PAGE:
Tools that I use

The different therapy approaches that therapists use are often called modalities or models of therapy. Below is some information about the main models of therapy that I use with my clients.

Narrative Therapy

The person isn’t the problem- the problem is the problem

Narrative Therapy is an approach that externalizes problems as being separate from us as opposed to inside or a part of us. It focuses on the wisdom, knowledge and skills that people bring to the therapy room, and supports people as they build on these resources toward decreasing the influence that problems have on their life.

Narrative Therapy often uses creative and metaphorical ways of talking about and working through problems. It is a great approach with children, families, and those who like the idea of changing their relationship with the problems that they face in creative ways.

I have trained under one of the co-founders of Narrative Therapy, David Epston. Here is some information co-written by him about this type of therapy.

Attachment-Focused Therapy

Building strong relationships and understanding your emotional needs

Attachment-focused therapy is based on attachment theory, which looks at the ways that our earliest relationship experiences create a blueprint for relationships in our lives. Sometimes these blueprints create safety and strength, but they can also sometimes create difficulties or problematic patterns in our lives.

I use this approach with individuals and families. It helps them to understand their core emotional needs underlying many of the difficulties and emotional pain they experience in their lives. They learn to understand how the problems in their lives (e.g., relationship difficulties, problematic behaviours, and behavioural difficulties in children) often reflect attempts to communicate about their emotional needs in ways that are not effective. Attachment-focused therapy provides a base for us to better identify, articulate and regulate emotions. It provides a way to look deeper into relationship issues to get at the heart of the issue and provide lasting meaningful solutions to difficulties whether individual or within a family.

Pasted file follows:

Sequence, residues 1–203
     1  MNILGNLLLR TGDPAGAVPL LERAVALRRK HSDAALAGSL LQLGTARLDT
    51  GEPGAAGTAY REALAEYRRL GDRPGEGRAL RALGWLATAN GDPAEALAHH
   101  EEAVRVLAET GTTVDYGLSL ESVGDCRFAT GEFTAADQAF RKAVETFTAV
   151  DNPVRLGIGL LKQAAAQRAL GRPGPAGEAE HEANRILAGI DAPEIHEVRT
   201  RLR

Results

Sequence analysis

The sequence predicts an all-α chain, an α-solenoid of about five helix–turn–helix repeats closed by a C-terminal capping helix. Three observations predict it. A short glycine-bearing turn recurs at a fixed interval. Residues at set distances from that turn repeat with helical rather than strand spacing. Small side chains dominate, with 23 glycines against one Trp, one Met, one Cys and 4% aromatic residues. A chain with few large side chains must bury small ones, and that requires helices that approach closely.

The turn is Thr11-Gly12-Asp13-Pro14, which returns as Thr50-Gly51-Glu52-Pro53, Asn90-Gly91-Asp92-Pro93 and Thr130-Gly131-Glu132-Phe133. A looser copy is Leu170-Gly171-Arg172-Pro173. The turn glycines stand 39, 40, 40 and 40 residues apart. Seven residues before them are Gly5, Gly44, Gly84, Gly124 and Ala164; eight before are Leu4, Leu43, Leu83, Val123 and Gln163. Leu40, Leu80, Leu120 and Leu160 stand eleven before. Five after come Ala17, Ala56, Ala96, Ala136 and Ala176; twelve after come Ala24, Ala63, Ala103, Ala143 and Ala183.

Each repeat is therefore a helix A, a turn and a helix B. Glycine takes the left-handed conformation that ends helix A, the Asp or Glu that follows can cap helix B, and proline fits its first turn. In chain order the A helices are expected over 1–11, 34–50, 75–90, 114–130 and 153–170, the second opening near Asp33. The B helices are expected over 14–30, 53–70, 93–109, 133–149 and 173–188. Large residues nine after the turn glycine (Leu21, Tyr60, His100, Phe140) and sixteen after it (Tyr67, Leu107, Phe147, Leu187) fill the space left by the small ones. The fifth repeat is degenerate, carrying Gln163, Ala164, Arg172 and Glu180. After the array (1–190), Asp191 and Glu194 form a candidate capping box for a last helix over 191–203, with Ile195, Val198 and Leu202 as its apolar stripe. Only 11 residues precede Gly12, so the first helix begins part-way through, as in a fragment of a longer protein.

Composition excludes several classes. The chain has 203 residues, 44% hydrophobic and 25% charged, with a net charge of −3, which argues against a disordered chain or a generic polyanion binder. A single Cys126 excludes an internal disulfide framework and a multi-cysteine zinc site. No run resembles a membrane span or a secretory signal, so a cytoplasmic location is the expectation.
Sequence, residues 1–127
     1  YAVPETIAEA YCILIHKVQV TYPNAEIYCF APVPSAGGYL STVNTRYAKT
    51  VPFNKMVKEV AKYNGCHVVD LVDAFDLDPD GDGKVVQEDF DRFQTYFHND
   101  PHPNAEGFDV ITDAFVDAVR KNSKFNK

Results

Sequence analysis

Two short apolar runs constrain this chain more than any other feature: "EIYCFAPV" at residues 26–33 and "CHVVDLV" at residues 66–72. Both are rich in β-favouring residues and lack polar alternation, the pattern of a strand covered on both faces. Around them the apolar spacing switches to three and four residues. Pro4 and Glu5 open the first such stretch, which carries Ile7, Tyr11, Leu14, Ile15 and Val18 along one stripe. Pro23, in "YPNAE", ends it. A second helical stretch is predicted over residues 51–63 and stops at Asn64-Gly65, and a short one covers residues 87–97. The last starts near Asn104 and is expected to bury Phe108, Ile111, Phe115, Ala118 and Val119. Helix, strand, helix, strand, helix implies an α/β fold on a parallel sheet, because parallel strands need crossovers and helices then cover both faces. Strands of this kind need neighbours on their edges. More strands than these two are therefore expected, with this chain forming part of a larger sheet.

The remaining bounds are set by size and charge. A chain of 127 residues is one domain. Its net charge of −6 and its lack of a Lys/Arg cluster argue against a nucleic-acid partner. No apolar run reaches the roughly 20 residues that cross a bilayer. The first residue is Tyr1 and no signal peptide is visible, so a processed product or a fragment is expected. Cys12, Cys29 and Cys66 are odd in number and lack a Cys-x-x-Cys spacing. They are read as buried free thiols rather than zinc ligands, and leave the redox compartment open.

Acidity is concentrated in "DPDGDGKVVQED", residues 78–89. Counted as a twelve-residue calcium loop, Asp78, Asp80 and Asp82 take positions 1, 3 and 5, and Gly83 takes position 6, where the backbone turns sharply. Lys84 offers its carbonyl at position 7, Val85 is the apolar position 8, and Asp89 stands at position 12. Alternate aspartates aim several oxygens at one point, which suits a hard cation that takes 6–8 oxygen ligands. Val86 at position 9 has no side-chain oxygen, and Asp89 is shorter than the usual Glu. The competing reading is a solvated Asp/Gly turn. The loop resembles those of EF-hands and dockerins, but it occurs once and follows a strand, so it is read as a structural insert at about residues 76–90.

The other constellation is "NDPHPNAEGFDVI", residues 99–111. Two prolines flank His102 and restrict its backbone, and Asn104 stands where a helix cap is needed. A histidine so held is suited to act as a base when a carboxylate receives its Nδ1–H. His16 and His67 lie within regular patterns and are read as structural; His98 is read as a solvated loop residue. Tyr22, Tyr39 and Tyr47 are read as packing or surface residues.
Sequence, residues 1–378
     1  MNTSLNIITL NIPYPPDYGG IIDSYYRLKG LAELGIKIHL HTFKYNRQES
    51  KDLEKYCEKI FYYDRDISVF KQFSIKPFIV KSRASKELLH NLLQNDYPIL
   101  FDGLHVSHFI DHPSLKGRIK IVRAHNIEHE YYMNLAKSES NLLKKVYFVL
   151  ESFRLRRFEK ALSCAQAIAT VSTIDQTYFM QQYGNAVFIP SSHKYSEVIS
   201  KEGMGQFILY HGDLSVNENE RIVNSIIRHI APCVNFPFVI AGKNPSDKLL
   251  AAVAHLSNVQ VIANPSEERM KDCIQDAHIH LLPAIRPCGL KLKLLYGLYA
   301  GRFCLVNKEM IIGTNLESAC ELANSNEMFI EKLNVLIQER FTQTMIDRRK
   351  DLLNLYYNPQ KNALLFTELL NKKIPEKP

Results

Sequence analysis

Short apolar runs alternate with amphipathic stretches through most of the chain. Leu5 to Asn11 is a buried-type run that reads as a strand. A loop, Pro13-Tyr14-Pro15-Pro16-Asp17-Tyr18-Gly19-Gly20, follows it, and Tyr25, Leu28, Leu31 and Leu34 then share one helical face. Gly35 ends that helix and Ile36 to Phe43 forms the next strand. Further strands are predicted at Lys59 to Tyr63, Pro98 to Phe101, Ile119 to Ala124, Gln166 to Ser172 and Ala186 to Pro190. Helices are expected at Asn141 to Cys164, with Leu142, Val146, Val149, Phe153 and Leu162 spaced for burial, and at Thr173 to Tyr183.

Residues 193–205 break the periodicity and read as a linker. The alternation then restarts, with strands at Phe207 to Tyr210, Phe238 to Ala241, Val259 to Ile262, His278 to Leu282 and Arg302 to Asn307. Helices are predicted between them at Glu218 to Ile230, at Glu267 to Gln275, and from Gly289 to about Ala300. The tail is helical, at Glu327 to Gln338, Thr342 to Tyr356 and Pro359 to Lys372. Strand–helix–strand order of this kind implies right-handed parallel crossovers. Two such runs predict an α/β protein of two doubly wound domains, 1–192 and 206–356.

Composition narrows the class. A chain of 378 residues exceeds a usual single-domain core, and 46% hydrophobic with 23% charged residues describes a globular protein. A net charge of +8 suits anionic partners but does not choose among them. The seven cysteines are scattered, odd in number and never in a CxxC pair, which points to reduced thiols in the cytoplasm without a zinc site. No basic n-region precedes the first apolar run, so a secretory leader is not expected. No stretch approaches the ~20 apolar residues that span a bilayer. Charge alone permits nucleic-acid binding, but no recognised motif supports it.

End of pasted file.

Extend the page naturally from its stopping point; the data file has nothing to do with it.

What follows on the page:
I have completed Level 1 and 2 training in the attachment-focused family therapy approach called Dyadic Developmental Psychotherapy, with Dan Hughes who developed the approach. 

Eye Movement Desensitization and Reprocessing (EMDR)/ Trauma Therapy

Unlock your body’s own healing abilities

I provide trauma counselling to children, youth and adults. My approach to working with trauma is to start with a focus on regaining a sense of safety and stability. Sometimes trauma therapy includes processing the actual event/events so that they do not hold you back from your daily life. The goal is not to forget, but rather to reach the place: “that was bad but I survived and now I am okay”. Trauma therapy can also focus solely on present-day functioning and improving aspects of your current life without going into much detail about the past.

EMDR is one approach that I use to address and process trauma. It is quite different from talk therapy. It involves a number of phases of therapy which include taking a history of your life to determine what events in your past may be linked to difficulties that you currently experience, developing some strategies to cope with any difficult emotions or reactions that may come up in the present, then using a technique called “bilateral stimulation” to process traumatic or disturbing events so that these events no longer cause emotional disturbance in your present-day life. This technique does not involve talking in detail about past events but rather allows your brain to go where it needs to while guided by the therapist, in order to facilitate healing from the past.

I have completed basic training in EMDR and am currently working towards certification.  The clinic where I completed my basic training has more detailed information about EMDR:

Dialectical Behavioural Therapy (DBT)

Build a Life Worth Living – use skills to calm the emotional storm

Dialectical Behavioural Therapy (DBT) is an approach to working with adolescents and adults who experience emotions intensely and have difficulties regulating them, leading to impulsive or problem behaviours (such as self-harm; high-risk sex; problematic substance use; stealing; suicidal threats, gestures or attempts; etc.), and difficulties making and sustaining relationships. DBT helps individuals to develop the skills they need to address behavioural and relationship difficulties, to experience their emotions safely, and to build a life worth living. 

Please note that while I provide individual DBT-informed therapy, I do not offer the skills group and thus do not offer the full comprehensive DBT model. For more information on DBT, check out some resources from the Institute where I completed my core DBT skills training: